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Austin Water officials are crediting smelly water in Austin, Texas, to zebra mussels on a raw water pipeline located at the Ullrich Water Treatment Plant, according to the Statesman.

Austin Water officials are crediting smelly water in Austin, Texas, to zebra mussels on a raw water pipeline located at the Ullrich Water Treatment Plant, according to the Statesman.

The pipeline reopened on Wednesday after being closed for two weeks for construction. The Statesman reported that Rick Coronado, Austin Water's assistant director for operations, said some of the zebra mussels could have died during the work on the pipeline, causing decay and potential compounds being released into the water.

USA Today reported some customers were complaining about the smell.

According to USA Today, South Austin resident Kathryn Araguz told Austin's Fox 7 the smell was like "raw meat" and that after taking a shower on Thursday morning, she "smelled for quite a while" afterward.

The Statesman reported that water officials assured customers the water was safe to drink.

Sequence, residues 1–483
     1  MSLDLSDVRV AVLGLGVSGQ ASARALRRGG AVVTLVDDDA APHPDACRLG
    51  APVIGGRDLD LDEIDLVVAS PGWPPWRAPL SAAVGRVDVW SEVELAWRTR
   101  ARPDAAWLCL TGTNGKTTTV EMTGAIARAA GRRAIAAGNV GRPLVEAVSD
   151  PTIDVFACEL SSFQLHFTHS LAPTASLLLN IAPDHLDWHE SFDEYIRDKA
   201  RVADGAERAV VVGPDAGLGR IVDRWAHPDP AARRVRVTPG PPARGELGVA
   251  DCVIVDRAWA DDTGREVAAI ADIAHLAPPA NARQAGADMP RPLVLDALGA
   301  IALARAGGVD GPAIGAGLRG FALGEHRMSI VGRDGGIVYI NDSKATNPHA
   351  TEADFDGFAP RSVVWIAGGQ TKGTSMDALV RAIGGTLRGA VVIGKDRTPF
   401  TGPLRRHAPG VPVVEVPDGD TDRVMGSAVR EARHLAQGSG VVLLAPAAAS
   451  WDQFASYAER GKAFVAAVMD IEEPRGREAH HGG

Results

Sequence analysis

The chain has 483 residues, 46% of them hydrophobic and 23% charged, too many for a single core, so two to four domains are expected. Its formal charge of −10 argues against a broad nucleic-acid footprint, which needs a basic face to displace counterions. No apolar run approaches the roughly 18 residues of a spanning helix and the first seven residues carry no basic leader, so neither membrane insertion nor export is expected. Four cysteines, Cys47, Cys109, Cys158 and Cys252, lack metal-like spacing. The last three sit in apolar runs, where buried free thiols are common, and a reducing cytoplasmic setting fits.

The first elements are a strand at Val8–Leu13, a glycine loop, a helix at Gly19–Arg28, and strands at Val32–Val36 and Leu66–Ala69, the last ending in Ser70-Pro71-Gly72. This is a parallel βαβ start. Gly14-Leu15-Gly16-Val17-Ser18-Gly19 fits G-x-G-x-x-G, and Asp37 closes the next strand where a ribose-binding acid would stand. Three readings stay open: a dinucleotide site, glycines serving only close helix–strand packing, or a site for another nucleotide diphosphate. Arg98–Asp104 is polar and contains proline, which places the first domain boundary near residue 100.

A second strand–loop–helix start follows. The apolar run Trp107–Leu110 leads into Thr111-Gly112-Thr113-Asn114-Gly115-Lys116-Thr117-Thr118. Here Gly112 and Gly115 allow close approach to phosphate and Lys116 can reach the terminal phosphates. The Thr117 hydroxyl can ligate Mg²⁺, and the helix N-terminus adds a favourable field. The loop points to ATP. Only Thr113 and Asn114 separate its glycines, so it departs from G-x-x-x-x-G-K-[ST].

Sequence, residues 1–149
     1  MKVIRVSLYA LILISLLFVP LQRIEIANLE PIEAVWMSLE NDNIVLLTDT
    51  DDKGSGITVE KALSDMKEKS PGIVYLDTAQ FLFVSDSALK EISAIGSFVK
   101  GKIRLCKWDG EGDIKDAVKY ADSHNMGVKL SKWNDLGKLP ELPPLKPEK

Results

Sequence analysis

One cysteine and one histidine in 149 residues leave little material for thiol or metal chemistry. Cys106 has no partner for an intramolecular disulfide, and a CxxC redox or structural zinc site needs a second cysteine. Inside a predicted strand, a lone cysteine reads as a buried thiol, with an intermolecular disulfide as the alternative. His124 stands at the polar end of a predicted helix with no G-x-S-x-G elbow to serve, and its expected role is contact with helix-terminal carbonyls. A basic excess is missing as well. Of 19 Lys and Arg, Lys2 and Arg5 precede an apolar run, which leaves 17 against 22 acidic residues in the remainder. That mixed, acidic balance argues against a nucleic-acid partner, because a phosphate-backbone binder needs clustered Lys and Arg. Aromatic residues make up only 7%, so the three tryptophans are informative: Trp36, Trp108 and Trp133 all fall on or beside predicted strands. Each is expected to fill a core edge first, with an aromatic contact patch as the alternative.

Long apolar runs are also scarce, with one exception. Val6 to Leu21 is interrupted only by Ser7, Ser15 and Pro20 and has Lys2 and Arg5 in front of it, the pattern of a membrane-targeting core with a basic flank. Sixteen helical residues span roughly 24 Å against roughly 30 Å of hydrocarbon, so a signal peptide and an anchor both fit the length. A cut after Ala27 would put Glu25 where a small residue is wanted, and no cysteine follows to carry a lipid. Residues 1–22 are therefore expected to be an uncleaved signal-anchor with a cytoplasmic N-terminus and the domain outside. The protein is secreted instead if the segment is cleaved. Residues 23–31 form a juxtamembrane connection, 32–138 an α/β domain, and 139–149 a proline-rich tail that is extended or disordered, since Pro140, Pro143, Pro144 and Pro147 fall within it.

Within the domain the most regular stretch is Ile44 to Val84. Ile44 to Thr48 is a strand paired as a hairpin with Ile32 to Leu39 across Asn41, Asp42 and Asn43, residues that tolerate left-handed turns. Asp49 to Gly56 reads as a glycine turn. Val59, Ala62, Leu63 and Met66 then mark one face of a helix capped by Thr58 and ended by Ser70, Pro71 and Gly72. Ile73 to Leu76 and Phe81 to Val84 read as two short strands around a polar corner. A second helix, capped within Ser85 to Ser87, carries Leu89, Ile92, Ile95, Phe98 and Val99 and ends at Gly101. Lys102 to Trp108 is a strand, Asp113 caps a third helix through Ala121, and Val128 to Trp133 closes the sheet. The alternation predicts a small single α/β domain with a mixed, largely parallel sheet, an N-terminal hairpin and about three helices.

"We still meet all the drinking water standards," Coronado told the Statesman. "There’s no indication the water isn’t safe."

This isn't the first time zebra mussels have found their way to Texas city water. The Statesman reported in September 2018 of another account when zebra mussels were found stuck to filtering screens in the intake pipes on Lake Travis.

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Currently, Austin Water has implemented powdered activated carbon into the water supply to help with the smell, according to the Statesman.

USA Today said Austin Water customers should notice a difference in smell within 24 hours.

Further efforts to reduce or eliminate the zebra mussels are underway.

"We have a consultant we’re working with to identify ways to mitigate zebra mussels," Coronado told the Statesman. "We’ll be looking at other tools and other chemicals to either slow their growth or remove the zebra mussels."